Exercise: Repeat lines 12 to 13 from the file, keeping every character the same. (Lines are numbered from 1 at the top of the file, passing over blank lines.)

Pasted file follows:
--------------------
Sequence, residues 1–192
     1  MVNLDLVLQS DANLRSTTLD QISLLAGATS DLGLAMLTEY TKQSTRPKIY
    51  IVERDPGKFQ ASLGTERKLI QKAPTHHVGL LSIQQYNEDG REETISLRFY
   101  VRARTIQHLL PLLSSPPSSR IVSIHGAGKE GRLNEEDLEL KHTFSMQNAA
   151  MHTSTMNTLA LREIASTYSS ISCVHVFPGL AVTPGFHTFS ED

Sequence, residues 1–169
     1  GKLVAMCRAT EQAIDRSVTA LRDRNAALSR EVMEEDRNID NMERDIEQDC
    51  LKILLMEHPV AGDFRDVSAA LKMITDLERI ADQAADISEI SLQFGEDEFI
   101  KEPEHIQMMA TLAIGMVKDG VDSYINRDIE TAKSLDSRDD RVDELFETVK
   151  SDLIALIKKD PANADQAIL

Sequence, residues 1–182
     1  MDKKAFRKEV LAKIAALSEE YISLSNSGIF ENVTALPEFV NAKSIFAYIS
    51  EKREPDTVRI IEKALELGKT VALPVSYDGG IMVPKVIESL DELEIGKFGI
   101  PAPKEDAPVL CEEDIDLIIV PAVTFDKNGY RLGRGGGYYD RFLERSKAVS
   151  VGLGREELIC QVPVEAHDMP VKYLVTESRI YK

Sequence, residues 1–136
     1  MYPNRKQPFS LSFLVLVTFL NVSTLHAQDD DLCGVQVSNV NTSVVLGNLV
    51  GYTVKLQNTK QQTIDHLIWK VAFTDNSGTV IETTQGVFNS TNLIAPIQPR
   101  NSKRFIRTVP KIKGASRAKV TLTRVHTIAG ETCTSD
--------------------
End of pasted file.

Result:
     1  MDKKAFRKEV LAKIAALSEE YISLSNSGIF ENVTALPEFV NAKSIFAYIS
    51  EKREPDTVRI IEKALELGKT VALPVSYDGG IMVPKVIESL DELEIGKFGI